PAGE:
Dividing assets in divorce is always a difficult process. Military divorce is no exception. When one spouse is a service member, special laws specifically for military divorces can come into play. These laws include rules for splitting military pension benefits.
Defense Finance and Accounting Services (DFAS) pays out military pensions. A civilian divorce in New Jersey would have a court ordering a pension provider like DFAS to split the pension. But military couples must follow specific guidelines for DFAS to pay both the service member and the former spouse after divorce.
Uniformed Services Former Spouses’ Protection Act
Under the Uniformed Services Former Spouses’ Protection Act (USFSPA), a military organization must accept a state’s ruling in a divorce. This means that the former spouse can claim military pension benefits as marital property in New Jersey courts. If the court awards a portion of pension benefits to the former spouse, the military will accept and enforce the ruling. But to enforce it, DFAS has certain requirements of the couple.
The former spouse can claim pension benefits regardless of how long the couple is married. But under the USFSPA, DFAS has two qualifying criteria to pay the former spouse directly. The marriage must have lasted at least 10 years. And the service member must have served during at least 10 years of the marriage. This is known as the 10/10 requirement.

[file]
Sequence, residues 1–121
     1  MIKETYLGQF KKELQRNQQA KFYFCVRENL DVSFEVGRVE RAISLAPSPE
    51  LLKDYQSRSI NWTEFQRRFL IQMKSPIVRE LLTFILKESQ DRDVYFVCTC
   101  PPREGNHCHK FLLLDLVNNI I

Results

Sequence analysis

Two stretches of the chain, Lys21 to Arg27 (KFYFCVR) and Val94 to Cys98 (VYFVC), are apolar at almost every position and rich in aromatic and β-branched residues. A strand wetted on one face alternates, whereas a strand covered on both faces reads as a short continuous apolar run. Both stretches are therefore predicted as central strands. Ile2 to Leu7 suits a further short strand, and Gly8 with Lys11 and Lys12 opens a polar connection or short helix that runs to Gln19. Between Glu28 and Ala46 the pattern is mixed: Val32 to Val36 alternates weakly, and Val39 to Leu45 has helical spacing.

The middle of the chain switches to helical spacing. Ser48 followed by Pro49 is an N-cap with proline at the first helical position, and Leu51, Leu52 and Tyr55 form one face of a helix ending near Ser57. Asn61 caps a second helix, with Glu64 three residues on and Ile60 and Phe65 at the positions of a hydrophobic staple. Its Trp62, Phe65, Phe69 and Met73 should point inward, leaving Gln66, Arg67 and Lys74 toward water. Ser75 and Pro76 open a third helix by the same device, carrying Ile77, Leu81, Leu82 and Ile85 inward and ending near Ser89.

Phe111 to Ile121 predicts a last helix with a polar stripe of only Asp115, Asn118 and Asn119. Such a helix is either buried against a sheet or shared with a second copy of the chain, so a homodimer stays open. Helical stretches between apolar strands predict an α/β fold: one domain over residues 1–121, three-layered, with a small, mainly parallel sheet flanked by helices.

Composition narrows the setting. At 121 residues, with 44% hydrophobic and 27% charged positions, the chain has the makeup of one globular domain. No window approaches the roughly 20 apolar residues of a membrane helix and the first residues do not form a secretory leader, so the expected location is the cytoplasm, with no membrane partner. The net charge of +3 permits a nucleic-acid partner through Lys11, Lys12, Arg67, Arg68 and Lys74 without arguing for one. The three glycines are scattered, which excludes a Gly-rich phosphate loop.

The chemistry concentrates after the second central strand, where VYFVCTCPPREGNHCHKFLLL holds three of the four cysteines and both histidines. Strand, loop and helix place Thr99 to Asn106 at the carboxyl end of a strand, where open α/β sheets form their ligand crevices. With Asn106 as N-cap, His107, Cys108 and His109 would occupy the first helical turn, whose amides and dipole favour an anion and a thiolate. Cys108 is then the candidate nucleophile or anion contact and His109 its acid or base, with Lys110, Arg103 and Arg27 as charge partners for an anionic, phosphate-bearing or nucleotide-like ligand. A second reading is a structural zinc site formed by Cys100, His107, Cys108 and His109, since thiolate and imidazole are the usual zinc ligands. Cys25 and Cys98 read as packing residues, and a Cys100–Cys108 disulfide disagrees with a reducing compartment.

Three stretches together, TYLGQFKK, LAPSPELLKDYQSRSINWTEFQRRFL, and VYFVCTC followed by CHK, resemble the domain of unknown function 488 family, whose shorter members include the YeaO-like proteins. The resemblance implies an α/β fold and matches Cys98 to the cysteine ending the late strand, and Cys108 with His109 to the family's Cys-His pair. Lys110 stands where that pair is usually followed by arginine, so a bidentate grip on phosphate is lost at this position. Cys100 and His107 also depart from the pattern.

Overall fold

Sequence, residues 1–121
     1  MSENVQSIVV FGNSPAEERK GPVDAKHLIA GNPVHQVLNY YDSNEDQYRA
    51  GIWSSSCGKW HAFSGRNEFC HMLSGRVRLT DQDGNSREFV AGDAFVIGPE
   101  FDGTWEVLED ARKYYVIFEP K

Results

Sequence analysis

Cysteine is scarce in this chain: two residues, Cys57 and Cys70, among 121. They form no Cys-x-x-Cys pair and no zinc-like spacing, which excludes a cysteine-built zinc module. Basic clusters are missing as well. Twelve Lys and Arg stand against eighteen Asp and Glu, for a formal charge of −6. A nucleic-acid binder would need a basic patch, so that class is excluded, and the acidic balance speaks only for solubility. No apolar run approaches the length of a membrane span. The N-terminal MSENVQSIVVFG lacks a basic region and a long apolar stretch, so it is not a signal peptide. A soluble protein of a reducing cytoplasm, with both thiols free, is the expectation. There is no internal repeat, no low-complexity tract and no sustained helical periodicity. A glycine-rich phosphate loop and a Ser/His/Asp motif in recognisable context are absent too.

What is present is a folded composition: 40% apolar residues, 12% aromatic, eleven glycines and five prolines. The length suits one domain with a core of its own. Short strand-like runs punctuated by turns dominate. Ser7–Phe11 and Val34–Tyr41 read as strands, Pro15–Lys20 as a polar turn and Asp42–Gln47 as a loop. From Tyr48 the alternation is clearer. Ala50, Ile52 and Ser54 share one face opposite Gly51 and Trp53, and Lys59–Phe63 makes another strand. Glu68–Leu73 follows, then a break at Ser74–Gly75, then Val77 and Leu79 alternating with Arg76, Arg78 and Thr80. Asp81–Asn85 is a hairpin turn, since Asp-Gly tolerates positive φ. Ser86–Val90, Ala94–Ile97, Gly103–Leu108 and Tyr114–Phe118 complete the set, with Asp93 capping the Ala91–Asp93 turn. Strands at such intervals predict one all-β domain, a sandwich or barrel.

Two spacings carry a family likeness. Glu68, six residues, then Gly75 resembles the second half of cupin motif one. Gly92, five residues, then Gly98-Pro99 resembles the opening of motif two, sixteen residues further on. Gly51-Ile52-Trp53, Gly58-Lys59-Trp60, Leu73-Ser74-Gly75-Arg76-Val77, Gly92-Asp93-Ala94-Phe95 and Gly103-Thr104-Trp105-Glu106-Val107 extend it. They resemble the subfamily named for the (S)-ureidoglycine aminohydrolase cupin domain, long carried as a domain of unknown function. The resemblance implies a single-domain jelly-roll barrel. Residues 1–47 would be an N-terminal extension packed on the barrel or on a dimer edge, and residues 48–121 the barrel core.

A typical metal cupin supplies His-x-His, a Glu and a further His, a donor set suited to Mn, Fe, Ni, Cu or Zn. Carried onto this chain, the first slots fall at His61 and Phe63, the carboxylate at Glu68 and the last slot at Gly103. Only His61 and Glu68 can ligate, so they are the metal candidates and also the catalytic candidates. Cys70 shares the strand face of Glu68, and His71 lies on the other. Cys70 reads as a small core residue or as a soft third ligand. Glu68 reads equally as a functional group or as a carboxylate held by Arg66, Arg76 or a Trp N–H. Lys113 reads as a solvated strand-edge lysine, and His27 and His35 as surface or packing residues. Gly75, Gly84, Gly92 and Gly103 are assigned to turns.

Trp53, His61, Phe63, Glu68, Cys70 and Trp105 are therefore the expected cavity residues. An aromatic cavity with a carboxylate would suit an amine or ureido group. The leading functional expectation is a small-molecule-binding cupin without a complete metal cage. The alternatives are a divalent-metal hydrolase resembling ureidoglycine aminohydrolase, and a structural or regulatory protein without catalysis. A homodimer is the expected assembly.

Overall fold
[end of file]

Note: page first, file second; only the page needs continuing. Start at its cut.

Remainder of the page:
If the couple meets the 10/10 requirement, DFAS will pay pension benefits directly to the former spouse. If the couple does not meet the 10/10 requirement, then the state court can still award the former spouse a portion of the pension benefits. But the payments must come from the service member instead of DFAS.
Much like any other divorce, the laws of how couples split pensions depend on the jurisdiction of the court. New Jersey divorce courts split assets through equitable division. Instead of a 50/50 split, the court decides what split will be fairest to both parties.
But the military will only enforce the court’s decision on giving pension to the former spouse based on these factors:
- The service member must have residence in the court’s jurisdiction outside of military assignment
- The service member must have domicile in the court’s jurisdiction
- The member agrees to the court’s jurisdiction in the divorce
The court cannot split the pension unless its jurisdiction meets one of these requirements.
A military divorce can be very similar to any other divorce. But couples trying to divide a military pension in divorce follow different laws than civilians trying to divide pension plans. The two spouses should always seek legal counsel to make sure they understand what guidelines they need to follow.